Why Dark Energy Is Good for Opportunistic Astronomy
Adam Bolton (NOIRLab)
Tuesday, October 19, 12:00pm, B305 / Zoom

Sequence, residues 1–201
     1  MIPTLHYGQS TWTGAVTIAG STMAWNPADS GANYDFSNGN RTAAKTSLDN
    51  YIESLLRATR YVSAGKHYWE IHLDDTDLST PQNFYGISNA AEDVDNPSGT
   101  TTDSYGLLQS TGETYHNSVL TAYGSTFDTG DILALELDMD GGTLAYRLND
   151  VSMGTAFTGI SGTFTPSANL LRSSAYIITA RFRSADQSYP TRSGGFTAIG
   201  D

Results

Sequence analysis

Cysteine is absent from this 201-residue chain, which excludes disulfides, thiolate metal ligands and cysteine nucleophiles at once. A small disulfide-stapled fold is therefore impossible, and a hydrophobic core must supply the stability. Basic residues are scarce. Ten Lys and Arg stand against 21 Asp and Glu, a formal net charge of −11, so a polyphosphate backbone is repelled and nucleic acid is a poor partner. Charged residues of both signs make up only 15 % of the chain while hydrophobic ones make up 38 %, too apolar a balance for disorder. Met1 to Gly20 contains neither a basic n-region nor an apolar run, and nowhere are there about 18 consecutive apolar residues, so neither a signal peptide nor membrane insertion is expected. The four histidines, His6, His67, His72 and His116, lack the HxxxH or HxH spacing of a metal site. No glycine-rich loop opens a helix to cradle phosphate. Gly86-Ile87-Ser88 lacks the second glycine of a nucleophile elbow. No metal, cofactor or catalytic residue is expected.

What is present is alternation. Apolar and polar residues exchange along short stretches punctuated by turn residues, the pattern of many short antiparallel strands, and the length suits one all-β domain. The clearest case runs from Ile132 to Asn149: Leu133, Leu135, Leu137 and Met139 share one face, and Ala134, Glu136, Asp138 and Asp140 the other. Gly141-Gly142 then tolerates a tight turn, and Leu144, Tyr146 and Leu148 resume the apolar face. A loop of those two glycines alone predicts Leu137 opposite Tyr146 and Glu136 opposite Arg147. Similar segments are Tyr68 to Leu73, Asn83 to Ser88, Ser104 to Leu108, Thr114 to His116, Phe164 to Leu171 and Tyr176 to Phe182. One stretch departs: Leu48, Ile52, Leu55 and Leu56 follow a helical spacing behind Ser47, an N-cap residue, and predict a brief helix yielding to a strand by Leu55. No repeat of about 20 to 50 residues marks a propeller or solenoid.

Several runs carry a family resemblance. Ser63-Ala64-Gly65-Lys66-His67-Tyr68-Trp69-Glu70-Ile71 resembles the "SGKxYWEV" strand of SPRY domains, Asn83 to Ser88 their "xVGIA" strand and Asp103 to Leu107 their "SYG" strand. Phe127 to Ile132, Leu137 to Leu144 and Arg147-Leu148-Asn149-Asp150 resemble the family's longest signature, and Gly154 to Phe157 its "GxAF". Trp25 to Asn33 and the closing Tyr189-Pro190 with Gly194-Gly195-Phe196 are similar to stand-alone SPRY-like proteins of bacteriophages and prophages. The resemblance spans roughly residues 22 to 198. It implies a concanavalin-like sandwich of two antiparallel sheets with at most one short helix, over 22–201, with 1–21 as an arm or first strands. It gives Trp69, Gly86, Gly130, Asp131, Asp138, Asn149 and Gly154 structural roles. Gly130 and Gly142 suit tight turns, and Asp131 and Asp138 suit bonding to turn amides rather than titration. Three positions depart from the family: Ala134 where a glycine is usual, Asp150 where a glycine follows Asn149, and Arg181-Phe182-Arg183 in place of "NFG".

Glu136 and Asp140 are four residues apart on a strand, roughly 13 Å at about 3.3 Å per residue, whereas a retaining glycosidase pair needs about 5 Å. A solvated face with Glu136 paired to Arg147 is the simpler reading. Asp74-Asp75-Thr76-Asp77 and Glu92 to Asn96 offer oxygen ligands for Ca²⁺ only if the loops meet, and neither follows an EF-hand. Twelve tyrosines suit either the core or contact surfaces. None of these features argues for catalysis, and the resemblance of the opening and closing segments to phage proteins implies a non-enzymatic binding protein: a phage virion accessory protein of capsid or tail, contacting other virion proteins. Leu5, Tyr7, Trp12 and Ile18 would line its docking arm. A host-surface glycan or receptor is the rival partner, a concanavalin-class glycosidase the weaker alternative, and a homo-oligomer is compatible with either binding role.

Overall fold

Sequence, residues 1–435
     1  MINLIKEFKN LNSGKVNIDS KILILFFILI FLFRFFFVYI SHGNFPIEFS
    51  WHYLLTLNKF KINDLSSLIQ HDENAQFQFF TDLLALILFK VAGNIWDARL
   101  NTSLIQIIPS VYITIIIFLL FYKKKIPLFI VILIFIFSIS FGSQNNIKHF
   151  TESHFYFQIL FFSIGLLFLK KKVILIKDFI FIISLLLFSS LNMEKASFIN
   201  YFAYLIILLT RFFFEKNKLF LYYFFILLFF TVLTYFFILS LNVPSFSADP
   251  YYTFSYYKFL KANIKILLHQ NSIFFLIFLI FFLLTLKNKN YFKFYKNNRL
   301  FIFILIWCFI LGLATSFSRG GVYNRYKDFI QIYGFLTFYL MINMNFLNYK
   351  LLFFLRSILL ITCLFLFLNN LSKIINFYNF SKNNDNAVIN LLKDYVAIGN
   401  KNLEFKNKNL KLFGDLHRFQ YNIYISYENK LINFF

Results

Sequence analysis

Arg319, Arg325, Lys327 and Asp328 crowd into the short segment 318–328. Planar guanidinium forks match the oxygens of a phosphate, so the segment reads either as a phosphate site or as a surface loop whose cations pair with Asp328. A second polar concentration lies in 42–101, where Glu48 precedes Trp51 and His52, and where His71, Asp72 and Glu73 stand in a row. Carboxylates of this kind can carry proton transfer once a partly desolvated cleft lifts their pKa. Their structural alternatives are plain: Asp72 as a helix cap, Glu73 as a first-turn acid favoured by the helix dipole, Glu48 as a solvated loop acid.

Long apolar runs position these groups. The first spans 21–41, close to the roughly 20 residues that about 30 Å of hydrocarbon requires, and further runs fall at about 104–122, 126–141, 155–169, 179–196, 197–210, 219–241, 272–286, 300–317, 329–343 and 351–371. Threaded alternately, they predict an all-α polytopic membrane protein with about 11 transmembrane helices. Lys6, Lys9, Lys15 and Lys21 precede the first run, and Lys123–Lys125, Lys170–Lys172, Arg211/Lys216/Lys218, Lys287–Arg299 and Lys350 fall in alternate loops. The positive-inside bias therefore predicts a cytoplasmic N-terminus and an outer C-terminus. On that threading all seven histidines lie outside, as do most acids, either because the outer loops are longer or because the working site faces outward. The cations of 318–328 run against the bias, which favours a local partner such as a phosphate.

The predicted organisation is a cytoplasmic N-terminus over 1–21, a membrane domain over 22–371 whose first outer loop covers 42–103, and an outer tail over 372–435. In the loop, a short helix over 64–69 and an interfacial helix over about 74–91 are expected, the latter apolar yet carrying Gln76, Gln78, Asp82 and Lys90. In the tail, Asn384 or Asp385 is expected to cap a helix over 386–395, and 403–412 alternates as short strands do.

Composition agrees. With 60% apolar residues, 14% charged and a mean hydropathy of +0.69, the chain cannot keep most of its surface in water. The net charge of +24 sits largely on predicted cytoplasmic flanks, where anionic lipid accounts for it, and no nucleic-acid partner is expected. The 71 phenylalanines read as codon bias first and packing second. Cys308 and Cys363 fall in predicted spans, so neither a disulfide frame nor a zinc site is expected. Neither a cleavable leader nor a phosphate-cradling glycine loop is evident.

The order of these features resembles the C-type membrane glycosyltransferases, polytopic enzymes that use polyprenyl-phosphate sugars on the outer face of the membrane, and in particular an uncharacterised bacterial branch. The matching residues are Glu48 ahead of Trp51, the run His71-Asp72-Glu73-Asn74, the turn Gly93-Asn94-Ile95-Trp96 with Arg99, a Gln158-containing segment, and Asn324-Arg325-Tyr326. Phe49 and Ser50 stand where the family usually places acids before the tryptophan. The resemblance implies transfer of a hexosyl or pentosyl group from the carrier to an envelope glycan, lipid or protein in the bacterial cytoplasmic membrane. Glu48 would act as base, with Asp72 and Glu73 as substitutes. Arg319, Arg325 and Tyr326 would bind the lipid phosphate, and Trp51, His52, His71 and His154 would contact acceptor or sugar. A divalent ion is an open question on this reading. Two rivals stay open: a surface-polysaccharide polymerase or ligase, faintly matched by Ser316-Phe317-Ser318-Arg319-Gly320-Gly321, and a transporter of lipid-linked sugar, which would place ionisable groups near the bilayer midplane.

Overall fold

Abstract: Modern cosmological redshift surveys map the large-scale structure of the Universe in three dimensions by collecting spectra of millions of galaxies. While they are primarily motivated by the quest to understand the nature of dark energy, these surveys also enable unique data-driven astrophysics research at the scale of individual galaxies. Many of the most exciting applications (in the speaker’s opinion) center around the discovery of strong gravitational lenses and their application to the study of dark matter, galaxy evolution, general relativity, and the expansion of the Universe. I will give an overview of this research area, looking backward at the Sloan Digital Sky Survey (SDSS) and forward to the Dark Energy Spectroscopic Instrument (DESI). I will explain several of the key algorithmic and data-science methods that make the astrophysics possible. I will also describe our initiatives at NSF’s NOIRLab that aim to make this kind of research accessible to the broadest possible community of scientists.